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Between Them: Remembering My Parents by…
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Between Them: Remembering My Parents (2017)

by Richard Ford

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Showing 5 of 5
I asked for this book for Christmas and read it in under three days. That is not bragging; it is a slim volume. I am giving it five stars and you will have to read it yourself to find out why. Suffice to say that it works as a recital of facts, as a reflective piece and as a piece which encourages the reader to stand where the writer is and examine their own lives. ( )
  adrianburke | Dec 28, 2017 |
A copybook approach to writing about what you know and never knew about your parents. A life together lived separately. As Richard Ford says 'it did not occur to me to write about my parents in any way but as individuals'. ( )
  DukeofEarl | Dec 17, 2017 |
A simple story about simple folks, heartfelt and beautifully written. I wish I could write this for my parents. ( )
  tandah | Jul 28, 2017 |
Richard Ford offers a thoughtful, kind, measured account of his parents, a memoir both reflecting and opaque. The first half of the book is about his father, who died when Richard was only sixteen. Since much of his father’s life preceded his own, the greater part of this concentrates on that, his father as a young man and the fifteen years of marriage to Richard’s mother before Richard arrived relatively late in their lives. His father was diffident, shy, but also personable. He found his way in life to a position — regional salesman for a starch manufacturer — that perfectly suited his affability and his unconnectedness. It is clear that the relationship with Richard’s mother was the foundation of all that he became. He needed little more. And the same might be said of her. So his untimely passing left her bereft. Not inconsolable or incapable. Just bereft. The latter half of the memoir concentrates on Richard’s mother whom he loved and cared for even at a distance for the many years remaining until her own passing. That he should look back now some decades on at her life and more than half a century after his father’s death is both curious and precious.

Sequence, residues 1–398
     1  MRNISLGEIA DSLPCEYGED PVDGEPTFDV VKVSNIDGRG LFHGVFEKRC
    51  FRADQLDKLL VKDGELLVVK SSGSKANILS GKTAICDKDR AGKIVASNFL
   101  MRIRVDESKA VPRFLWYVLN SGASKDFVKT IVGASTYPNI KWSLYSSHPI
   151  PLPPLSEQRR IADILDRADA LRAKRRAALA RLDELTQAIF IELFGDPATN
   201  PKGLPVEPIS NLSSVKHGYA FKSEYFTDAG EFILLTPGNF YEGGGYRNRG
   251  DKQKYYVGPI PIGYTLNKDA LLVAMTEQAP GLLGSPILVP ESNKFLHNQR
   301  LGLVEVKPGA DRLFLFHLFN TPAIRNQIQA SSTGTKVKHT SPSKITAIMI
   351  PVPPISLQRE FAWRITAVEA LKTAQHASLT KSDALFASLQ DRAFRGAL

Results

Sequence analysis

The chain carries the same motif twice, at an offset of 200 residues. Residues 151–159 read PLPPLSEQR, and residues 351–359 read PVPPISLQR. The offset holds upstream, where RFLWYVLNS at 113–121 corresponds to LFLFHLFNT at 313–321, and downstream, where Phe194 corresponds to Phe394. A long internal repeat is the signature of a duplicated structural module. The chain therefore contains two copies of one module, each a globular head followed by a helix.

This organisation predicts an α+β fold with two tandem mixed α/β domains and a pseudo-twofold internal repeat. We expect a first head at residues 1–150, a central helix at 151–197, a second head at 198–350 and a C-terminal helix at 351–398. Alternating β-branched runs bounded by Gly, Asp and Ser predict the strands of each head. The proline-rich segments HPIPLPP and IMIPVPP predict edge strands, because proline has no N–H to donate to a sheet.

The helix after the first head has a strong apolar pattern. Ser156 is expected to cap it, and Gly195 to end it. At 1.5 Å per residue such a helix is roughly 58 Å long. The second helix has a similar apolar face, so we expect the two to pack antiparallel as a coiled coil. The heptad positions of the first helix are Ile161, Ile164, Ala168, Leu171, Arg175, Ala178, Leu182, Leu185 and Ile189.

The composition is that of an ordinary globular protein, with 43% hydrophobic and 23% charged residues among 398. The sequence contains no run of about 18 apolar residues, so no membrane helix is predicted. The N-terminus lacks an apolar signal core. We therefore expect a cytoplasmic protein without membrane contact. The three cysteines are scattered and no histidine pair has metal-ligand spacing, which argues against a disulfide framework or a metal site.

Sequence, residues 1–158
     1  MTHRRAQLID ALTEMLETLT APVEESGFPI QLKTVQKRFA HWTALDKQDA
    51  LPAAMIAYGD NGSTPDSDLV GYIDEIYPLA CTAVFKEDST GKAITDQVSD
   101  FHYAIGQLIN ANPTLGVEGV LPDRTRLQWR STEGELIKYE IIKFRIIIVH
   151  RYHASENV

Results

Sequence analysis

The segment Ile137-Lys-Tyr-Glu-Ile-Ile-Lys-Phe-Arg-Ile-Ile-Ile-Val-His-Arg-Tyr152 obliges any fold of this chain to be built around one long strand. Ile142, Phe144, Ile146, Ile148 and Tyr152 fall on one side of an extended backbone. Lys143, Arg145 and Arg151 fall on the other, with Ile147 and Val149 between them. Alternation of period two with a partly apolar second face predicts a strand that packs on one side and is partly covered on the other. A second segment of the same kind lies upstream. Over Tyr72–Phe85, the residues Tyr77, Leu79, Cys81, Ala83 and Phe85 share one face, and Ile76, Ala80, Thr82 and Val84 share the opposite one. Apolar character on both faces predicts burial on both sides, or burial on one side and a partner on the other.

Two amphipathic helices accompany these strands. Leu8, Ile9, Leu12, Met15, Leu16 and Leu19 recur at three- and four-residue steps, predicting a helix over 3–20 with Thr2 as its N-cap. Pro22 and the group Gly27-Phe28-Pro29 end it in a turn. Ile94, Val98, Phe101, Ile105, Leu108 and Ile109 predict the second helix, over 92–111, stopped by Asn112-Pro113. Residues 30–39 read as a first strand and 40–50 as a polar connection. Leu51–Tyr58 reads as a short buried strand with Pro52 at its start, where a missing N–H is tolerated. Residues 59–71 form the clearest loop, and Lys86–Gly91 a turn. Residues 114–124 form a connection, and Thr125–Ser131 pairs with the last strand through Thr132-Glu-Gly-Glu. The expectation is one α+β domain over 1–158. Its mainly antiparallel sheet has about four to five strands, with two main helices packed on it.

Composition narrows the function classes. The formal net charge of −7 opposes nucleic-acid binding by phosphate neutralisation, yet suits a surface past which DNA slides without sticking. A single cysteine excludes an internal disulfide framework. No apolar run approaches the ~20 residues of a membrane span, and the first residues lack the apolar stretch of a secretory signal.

Ford is never less than a brilliant and soulful writer. He approaches his subjects like characters in his novels, characters whom he cannot fully know. Nor does he wish to surmise. He observes. He records. He is patient. And kind. He acknowledges again and again that he grew up in love and that love suffused their relationship. And what remains is his fondness for his mother and for his father.

Perhaps you will be struck by a tinge of sadness in the lives of these people. Perhaps that will extend to the writer himself. He would not wish it. He notes in an afterword that a friend made such an observation of what he had written but he disavows this. If asked, he would say that he had a wonderful life.

Recommended. ( )
  RandyMetcalfe | Jun 30, 2017 |
This is a gentle journey through Richard Ford's life with his parents and their imagined life without him. Ford was born 15 years after his parents were married, after they had become accustomed to their life together on the road (Dad Parker was a traveling salesman, and mom Edna accompanied him on his route). Although he grew up surrounded by love, Ford also knew of the occasional quick temper of both his parents. But other than that, there seems to be nothing but the bliss of being surrounded by warmth and security. With such a placid childhood, Ford wants to honor his parents who, unremarkable in all aspects, seem to be the least likely to be the subject of a memoir, especially as compared to all the fraught recollections that inundate readers constantly these days. His joy and his quiet wonderings about the mysteries of this couple make for an honorable tribute ,and a read that just flows gently from the father's story to the mother's (written 30 years apart). The photos scattered throughout just add to the intimacy of the story. ( )
1 vote froxgirl | May 27, 2017 |
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Somewhere, deep in my childhood, my father is coming home off the road on a Friday night.
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A stirring narrative of memory and parental love, Richard Ford tells of his mother, Edna, a feisty Catholic girl with a difficult past, and his father, Parker, a sweet-natured soft-spoken traveling salesman, both born at the turn of the twentieth century in rural Arkansas. For Ford, the questions of what his parents dreamed of and how they loved each other and him became a striking portrait of American life in the mid-century. With his celebrated candor, wit, and intelligence, the award-winning storyteller and creator of the iconic Frank Bascombe delivers an unforgettable exploration of memory, intimacy, and love.--… (more)

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